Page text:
The 9th session of the Intergovernmental Science Policy Platform on Biodiversity and Ecosystem Services (IPBES) took place in Bonn, Germany from 3-9 July.
The purpose of the meeting, which had been postponed as a result of the Covid 19 epidemic, was the approval of two reports: the Sustainable Use Assessment which reports on the sustainable use of wild species, and the Values Assessment, which reports on the diverse values and valuation of nature.
These two reports build on the global assessment report on biodiversity and ecosystem services produced by IPBES in 2019. The 2019 report had stated that the global decline in biodiversity that the world is witnessing is declining most rapidly in freshwater ecosystems, with an 81% decline reported since 1970.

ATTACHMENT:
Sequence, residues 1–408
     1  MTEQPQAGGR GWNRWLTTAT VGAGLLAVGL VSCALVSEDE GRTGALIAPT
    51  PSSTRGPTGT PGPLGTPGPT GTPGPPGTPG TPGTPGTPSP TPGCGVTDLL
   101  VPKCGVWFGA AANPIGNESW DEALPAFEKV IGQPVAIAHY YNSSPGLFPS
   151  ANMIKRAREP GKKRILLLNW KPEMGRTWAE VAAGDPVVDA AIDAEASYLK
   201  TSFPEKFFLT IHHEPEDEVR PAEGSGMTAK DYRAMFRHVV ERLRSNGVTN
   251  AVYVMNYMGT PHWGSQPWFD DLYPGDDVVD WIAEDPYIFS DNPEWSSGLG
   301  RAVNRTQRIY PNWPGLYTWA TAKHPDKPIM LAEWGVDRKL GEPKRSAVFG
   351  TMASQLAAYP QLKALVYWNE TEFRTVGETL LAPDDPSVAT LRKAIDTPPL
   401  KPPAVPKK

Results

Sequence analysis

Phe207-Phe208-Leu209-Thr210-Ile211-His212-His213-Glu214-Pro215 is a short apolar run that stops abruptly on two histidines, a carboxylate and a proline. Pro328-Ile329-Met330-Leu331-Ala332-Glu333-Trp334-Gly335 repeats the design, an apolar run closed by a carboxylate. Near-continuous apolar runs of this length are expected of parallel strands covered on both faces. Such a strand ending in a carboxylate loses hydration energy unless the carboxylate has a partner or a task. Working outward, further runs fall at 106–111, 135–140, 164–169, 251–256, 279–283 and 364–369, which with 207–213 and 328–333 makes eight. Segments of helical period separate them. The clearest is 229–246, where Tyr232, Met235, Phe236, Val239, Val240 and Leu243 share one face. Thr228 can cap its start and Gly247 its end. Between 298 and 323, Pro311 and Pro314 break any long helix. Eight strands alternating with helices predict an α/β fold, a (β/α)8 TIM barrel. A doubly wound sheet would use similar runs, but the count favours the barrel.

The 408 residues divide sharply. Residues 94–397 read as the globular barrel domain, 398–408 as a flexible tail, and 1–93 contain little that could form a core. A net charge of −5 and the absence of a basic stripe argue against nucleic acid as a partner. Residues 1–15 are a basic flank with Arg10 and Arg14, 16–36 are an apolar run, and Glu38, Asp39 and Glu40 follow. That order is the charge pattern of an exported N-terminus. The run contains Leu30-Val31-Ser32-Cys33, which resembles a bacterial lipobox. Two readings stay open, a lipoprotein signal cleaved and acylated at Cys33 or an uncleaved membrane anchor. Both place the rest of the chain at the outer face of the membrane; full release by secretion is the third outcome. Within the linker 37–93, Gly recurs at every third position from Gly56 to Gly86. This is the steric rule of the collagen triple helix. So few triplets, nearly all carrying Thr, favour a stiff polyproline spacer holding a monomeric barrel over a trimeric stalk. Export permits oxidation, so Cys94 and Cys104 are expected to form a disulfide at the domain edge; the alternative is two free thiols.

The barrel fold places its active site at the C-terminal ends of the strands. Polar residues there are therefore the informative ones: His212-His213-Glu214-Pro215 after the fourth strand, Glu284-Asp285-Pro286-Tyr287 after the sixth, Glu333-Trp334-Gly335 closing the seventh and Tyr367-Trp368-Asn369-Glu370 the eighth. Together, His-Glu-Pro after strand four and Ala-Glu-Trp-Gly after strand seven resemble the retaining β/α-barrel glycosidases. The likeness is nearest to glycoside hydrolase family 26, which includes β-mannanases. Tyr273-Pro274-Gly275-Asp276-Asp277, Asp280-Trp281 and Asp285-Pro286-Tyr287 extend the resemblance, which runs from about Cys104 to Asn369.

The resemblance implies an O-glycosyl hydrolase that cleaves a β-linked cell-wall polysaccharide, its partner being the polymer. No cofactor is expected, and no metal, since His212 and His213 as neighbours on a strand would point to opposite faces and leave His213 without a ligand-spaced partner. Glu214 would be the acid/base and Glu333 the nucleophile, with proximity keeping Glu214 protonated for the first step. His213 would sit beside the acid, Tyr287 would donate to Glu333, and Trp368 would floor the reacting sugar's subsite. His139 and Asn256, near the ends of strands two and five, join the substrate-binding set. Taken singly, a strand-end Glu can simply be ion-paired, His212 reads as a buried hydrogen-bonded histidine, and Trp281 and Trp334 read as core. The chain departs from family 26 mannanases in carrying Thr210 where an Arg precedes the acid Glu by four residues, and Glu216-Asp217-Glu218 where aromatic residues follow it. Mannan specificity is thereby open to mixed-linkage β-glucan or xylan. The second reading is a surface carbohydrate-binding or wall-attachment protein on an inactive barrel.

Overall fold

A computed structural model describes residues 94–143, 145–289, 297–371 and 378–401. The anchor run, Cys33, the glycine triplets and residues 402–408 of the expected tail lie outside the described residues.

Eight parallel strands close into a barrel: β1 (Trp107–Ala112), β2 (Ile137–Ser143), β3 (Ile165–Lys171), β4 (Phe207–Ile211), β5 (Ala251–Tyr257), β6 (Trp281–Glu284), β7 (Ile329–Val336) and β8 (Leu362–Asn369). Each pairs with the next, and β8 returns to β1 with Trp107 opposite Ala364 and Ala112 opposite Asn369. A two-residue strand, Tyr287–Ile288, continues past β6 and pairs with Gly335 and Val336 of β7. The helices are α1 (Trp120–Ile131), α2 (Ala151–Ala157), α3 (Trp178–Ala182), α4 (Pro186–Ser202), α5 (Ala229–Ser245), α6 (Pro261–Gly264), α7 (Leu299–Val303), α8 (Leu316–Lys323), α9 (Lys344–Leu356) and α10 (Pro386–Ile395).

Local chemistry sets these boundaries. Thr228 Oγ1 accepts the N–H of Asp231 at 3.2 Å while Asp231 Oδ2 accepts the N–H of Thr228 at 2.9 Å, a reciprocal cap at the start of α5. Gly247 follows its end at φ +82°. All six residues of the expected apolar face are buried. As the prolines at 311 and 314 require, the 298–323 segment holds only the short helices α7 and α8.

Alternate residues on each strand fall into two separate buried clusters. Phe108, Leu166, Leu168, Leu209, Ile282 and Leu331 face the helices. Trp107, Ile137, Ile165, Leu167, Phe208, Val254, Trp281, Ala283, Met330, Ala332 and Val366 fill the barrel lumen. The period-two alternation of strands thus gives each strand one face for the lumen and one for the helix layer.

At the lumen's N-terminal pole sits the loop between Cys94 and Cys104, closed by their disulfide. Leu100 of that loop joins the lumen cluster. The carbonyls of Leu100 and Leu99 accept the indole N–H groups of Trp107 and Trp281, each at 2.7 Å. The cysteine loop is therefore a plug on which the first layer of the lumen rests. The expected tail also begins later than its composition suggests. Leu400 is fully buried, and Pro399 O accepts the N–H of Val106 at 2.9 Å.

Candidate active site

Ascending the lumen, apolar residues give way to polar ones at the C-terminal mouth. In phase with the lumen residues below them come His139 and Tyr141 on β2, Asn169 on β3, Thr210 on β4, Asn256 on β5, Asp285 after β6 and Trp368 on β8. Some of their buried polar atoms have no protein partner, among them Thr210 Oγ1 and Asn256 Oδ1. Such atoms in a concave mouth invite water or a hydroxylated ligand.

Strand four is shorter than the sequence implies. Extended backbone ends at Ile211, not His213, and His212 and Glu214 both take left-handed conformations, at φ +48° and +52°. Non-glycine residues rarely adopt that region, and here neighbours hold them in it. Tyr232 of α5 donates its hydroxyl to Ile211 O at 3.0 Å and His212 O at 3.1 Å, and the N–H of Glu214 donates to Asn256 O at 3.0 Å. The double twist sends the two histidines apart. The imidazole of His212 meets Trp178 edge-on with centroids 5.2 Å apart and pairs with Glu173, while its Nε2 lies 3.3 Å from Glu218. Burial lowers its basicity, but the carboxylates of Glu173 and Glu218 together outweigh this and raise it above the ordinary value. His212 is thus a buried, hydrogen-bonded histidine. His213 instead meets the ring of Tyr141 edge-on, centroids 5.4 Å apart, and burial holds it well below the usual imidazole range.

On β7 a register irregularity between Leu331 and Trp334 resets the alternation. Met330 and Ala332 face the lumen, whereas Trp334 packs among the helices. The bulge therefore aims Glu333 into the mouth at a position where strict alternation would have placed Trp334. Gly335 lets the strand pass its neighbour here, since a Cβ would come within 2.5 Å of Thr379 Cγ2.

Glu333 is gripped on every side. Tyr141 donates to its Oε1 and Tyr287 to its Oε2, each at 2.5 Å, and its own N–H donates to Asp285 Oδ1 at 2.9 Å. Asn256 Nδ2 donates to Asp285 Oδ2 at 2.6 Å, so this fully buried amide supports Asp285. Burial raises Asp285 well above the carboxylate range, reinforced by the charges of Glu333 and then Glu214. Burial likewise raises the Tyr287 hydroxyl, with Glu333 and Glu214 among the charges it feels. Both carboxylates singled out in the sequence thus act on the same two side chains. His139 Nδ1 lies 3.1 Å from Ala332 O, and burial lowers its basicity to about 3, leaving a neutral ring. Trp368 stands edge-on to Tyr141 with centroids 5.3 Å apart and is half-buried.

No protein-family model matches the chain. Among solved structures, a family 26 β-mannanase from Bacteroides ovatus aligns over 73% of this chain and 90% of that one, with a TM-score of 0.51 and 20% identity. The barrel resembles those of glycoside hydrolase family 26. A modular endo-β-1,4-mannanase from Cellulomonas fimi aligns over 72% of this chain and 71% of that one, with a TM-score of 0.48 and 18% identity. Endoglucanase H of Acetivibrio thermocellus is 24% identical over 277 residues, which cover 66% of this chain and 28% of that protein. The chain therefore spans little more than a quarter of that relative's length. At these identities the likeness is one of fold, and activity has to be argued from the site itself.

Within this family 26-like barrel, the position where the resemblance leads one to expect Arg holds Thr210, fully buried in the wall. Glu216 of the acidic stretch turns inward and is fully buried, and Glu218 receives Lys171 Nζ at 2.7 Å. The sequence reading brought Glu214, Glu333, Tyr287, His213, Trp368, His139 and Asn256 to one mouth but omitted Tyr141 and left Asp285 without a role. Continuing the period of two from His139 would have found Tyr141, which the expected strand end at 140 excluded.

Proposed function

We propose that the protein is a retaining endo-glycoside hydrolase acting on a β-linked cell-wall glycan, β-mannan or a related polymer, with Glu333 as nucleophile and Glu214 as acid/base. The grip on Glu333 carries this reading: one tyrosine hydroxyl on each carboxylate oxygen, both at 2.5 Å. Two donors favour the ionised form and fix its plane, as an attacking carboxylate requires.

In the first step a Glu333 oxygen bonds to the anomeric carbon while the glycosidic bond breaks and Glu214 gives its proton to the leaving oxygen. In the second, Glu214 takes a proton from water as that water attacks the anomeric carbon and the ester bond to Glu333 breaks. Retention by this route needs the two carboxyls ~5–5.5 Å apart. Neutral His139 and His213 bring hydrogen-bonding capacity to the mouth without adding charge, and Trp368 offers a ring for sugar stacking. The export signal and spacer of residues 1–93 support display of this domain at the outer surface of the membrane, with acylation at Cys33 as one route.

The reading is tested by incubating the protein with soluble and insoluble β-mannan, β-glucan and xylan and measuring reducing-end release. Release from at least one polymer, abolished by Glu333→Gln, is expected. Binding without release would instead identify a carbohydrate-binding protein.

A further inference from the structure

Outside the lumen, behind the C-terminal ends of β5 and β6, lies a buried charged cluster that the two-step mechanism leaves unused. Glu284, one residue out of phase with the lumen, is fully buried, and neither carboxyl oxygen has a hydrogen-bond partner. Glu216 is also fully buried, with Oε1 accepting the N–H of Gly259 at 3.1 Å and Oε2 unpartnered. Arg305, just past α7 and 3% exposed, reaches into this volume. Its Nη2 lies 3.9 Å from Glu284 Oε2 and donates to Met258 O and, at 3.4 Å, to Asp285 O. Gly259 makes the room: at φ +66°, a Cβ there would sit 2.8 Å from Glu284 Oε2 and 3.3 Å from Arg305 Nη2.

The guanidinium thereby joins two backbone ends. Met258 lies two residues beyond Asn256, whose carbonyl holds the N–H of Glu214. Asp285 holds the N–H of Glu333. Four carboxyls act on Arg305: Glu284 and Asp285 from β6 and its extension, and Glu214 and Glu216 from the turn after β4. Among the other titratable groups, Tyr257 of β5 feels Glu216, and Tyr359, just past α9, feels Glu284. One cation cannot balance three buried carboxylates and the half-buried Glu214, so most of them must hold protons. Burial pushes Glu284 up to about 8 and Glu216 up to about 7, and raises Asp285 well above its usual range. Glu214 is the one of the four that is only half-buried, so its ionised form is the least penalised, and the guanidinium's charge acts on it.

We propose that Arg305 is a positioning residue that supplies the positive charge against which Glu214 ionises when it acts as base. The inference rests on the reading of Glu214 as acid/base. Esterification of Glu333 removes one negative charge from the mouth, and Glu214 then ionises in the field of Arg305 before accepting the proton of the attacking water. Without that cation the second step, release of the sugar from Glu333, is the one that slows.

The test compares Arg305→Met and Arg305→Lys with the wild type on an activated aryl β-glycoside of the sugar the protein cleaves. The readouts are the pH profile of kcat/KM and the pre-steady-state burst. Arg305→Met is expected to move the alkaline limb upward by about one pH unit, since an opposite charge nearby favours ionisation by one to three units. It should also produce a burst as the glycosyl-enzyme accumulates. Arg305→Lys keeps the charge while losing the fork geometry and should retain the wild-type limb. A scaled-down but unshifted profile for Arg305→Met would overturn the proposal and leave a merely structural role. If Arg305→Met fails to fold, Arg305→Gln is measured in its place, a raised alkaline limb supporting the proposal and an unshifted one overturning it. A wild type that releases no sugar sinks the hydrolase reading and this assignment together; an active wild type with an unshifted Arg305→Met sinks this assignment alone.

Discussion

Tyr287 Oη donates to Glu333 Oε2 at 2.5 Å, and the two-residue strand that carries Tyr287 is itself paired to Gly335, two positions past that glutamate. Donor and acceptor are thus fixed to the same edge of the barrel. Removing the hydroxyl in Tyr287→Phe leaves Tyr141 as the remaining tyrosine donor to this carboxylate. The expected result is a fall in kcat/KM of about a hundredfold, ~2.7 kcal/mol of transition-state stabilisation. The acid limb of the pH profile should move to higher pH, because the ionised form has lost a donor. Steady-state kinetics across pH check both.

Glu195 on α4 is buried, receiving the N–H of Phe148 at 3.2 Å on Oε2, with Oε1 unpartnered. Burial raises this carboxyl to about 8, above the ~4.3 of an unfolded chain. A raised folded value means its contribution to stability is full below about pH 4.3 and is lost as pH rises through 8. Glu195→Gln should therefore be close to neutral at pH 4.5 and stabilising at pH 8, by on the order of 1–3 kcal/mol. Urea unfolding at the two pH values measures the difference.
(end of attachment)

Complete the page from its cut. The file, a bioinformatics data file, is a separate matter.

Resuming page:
The report also identified five drivers of biodiversity loss in freshwater ecosystems, i.e. changes in land use, direct exploitation of organisms, climate change, pollution and invasive alien species.
The Sustainable Use Assessment points to the increase in the volume and value of the trade in wild species, without significant value to local populations. The authors recommend more effective regulation of trade in wild species.
The Values Assessment emphasises the wide range of values that nature offers, including less tangible values that support the web of life on the planet, help to regulate the water cycle, and the existence value of individual species.
Many of these values cannot be expressed in monetary terms, and the pressures placed on ecosystems are not directly visible through consumer or investment choices. Therefore, taking the wide range of values embedded in biodiversity into account can help consumers to understand the costs of over exploitation of nature.